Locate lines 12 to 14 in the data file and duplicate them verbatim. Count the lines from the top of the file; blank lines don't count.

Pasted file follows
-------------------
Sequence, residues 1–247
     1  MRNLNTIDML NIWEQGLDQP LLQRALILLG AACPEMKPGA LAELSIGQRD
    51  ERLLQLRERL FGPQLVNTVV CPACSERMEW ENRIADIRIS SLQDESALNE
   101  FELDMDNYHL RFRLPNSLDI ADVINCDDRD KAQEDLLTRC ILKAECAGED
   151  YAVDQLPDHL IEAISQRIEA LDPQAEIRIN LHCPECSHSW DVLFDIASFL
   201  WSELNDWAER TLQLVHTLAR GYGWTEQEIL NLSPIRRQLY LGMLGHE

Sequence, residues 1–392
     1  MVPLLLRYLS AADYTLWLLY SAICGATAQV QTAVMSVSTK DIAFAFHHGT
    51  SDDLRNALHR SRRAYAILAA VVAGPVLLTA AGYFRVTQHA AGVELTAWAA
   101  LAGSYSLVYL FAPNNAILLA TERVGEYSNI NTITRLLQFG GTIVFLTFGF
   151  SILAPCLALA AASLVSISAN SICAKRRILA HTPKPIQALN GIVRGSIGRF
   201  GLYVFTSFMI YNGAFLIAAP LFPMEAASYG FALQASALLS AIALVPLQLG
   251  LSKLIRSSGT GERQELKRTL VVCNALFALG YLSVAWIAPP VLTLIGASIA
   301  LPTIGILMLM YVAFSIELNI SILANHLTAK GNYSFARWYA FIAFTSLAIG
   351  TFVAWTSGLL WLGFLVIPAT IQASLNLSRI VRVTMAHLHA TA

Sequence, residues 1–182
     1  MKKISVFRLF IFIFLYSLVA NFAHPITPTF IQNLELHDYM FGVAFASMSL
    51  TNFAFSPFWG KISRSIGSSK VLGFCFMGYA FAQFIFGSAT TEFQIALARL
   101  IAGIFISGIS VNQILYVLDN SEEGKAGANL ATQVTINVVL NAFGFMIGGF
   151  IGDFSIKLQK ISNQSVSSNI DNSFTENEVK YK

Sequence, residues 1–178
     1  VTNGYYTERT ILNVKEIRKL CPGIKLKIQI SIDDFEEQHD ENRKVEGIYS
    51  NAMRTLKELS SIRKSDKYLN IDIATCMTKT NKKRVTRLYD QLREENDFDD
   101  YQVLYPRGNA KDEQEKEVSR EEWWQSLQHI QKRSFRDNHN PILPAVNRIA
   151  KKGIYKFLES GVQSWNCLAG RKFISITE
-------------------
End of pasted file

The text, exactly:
   201  GLYVFTSFMI YNGAFLIAAP LFPMEAASYG FALQASALLS AIALVPLQLG
   251  LSKLIRSSGT GERQELKRTL VVCNALFALG YLSVAWIAPP VLTLIGASIA
   301  LPTIGILMLM YVAFSIELNI SILANHLTAK GNYSFARWYA FIAFTSLAIG